Head Note Appeal against conviction under 307 IPC-Medical Report cooked up-Investigation not fair-313 Cr.PC not complied with-appeal allowed-conviction set aside.- Allahabad High Court.   Read Judgement

Court Delhi High Court
Head Note There was a time gap of about three hours between the point of time when the accused and the deceased were last seen together. Even otherwise the last seen evidence has to be connected with some other corroboration.
... PW14 had only seen the deceased along with the accused, merely this evidence was not sufficient to prove the circumstance of last seen.
18. Therefore, we discard the testimony of PW14 as we have found serious improbability in the version of the last seen evidence
It is settled law that in a case based on circumstantial evidence the prosecution has to prove all the incriminating circumstances beyond any shadow of reasonable doubt and the circumstances so proved should complete the chain of events linking the accused with commission of the crime. There should not be left any chinks in such a chain and no circumstance should be of such a nature which could lead to any inference of innocence of the accused. All circumstances so alleged and proved must show the involvement of the accused in the crime.
28. It is settled law that if the motive which is set out by the prosecution is not proved beyond shadow of reasonable doubt the other incriminating circumstantial evidence may lose its importance and it may lead the court to draw an inference that perhaps the appellant was not involved in this crime.
Accused given benefit of doubt and acquitted:Delhi High Court-MANMOHAN SINGH, J BADAR DURREZ AHMED, J
  Read Judgement

Court Allahabad High Court
Head Note Section 319 Criminal Procedure Code: No person can be added as accused under Section 319 Cr.P.C. after closer of the case:Allahabad High Court.   Read Judgement

Court Allahabad High Court
Head Note Cognizance of offence-Passing of the summoning order without obtaining relevant materials in support of the information,not proper. Summoning order quashed:Allahabad High Court.   Read Judgement

Court Chhattisgarh High Court
Head Note Hostile Witness- Binding on prosecution- CHATTISGARH HIGH COURT JUDGEMENT DATED-10 FEB 2011   Read Judgement

Court Delhi High Court
Head Note The distinction between the nature of burden that rests on an accused under Section 105, Evidence Act to establish a plea of self-defence and the one cast on the prosecution by Section 101 to prove its case is overlooked-The appellant has been able to establish a preponderance of probabilities in favour of the plea of private defence-The appeal is allowed. --DELHI HIGH COURT-JUDGEMENT DATED- 19.1.2011   Read Judgement

Court Delhi High Court
Head Note NO MOTIVE-RECOVERY NOT FREE DOUBTS-CHAIN OF CIRCUMSTANCE NOT COMPLETE-LAST SEEN DOUBTED-APPEAL ALLOWED- DELHI HIGH COURT-DATED 04.01.2011   Read Judgement

Court Allahabad High Court
Head Note 156(3)Cr.pc-Interlocutory Order-no criminal revision will lie against the orders passed by the Magistrate directing investigation under section 156(3) Cr.P.C- ALLAHABAD HIGH COURT-FULL BENCH-DATED 20 DEC 2010   Read Judgement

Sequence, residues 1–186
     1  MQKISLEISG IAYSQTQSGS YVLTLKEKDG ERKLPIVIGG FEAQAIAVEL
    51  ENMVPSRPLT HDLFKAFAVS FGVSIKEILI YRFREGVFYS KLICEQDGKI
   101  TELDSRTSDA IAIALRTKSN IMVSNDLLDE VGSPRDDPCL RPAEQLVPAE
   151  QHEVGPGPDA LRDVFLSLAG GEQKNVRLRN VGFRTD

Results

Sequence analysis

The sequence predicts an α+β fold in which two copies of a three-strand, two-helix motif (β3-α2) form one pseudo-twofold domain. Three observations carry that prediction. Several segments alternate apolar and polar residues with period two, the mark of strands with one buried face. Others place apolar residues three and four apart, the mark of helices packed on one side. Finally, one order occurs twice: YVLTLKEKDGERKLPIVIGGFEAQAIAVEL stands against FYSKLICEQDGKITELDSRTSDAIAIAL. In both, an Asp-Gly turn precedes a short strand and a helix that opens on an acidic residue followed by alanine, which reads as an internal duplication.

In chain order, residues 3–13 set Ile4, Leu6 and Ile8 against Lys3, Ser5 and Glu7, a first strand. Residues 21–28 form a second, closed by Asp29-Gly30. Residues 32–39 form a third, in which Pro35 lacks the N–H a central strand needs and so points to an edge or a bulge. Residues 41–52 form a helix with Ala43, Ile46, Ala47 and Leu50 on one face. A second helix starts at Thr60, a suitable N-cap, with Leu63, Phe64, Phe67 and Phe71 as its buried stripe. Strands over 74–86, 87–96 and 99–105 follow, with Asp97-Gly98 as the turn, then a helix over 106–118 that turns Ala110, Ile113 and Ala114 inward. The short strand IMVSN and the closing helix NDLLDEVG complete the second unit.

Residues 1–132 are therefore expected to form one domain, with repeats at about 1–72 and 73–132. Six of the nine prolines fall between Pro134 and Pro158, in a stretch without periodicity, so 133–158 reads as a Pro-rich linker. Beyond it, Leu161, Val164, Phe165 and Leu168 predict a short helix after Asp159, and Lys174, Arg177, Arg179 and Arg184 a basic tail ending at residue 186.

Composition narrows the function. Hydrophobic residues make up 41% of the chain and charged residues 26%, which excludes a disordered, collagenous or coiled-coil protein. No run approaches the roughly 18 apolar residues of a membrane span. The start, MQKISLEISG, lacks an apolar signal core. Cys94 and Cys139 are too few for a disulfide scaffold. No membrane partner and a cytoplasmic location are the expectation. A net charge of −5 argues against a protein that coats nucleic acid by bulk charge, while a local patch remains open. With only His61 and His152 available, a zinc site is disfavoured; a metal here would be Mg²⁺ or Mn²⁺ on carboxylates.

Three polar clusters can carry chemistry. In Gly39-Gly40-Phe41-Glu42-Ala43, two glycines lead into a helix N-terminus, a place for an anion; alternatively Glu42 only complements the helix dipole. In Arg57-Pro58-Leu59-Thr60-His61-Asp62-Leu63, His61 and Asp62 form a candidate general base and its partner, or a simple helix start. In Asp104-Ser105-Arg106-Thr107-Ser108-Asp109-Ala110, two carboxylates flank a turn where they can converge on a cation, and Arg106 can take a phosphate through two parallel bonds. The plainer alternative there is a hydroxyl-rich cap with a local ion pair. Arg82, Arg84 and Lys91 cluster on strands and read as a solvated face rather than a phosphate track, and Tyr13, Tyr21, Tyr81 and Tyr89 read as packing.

Court Allahabad High Court
Head Note FIR -Arrest of the petitioners stayed as a consequence of FIR - Allahabad High Court- Dated 10/12/2010   Read Judgement

Court Delhi High Court
Head Note FIR-to be displayed on Delhi Police website- ---Delhi High Court passes directions : (A) An accused is entitled to get a copy of the First Information Report at an earlier stage than as prescribed under Section 207 of the Cr.P.C. (B) An accused who has reasons to suspect that he has been roped in a criminal case and his name may be finding place in a First Information Report can submit an application through his representative / agent / parokar for grant of a certified copy before the concerned police officer or to the Superintendent of Police on payment of such fee which is payable for obtaining such a copy from the court. On such application being made, the copy shall be supplied within twenty-four hours. (C) Once the First Information Report is forwarded by the police station to the concerned Magistrate or any Special Judge, on an application being filed for certified copy on behalf of the accused, the same shall be given by the court concerned within two working days. The aforesaid direction has nothing to do with the statutory mandate inhered under Section 207 of the Cr.P.C. (D) The copies of the FIR, unless reasons recorded regard being had to the nature of the offence that the same is sensitive in nature, should be uploaded on the Delhi Police website within twenty-four hours of lodging of the FIR so that the accused or any person connected with the same can download the FIR and file appropriate application before the court as per law for redressal of his grievances. (E) The decision not to upload the copy of the FIR on the website of Delhi Police shall not be taken by an officer below the rank of Deputy Commissioner of Police and that too by way of a speaking order. A decision so taken by the Deputy Commissioner of Police shall also be duly communicated to the Area magistrate. (F) The word =sensitive‘ apart from the other aspects which may be thought of being sensitive by the competent authority as stated hereinbefore would also include concept of privacy regard being had to the nature of the FIR. (G) In case a copy of the FIR is not provided on the ground of sensitive nature of the case, a person grieved by the said action, after disclosing his identity, can submit a representation with the Commissioner of Police who shall constitute a committee of three high officers and the committee shall deal with the said grievance within three days from the date of receipt of the representation and communicate it to the grieved person. (H) The Commissioner of Police shall constitute the committee within eight weeks from today. (I) In cases wherein decisions have been taken not to give copies of the FIR regard being had to the sensitive nature of the case, it will be open to the accused / his authorized representative / parokar to file an application for grant of certified copy before the court to which the FIR has been sent and the same shall be provided in quite promptitude by the concerned court not beyond three days of the submission of the application. (J) The directions for uploading the FIR on the website of the Delhi Police shall be given effect from 1st February, 2011   Read Judgement